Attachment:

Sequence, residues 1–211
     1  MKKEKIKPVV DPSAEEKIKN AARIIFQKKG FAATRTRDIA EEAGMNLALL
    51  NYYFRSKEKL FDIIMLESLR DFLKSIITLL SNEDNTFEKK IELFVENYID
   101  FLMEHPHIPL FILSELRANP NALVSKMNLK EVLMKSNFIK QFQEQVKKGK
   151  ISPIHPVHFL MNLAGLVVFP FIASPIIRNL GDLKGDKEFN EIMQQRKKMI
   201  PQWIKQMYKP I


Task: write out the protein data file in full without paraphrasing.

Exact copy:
Sequence, residues 1–211
     1  MKKEKIKPVV DPSAEEKIKN AARIIFQKKG FAATRTRDIA EEAGMNLALL
    51  NYYFRSKEKL FDIIMLESLR DFLKSIITLL SNEDNTFEKK IELFVENYID
   101  FLMEHPHIPL FILSELRANP NALVSKMNLK EVLMKSNFIK QFQEQVKKGK
   151  ISPIHPVHFL MNLAGLVVFP FIASPIIRNL GDLKGDKEFN EIMQQRKKMI
   201  PQWIKQMYKP I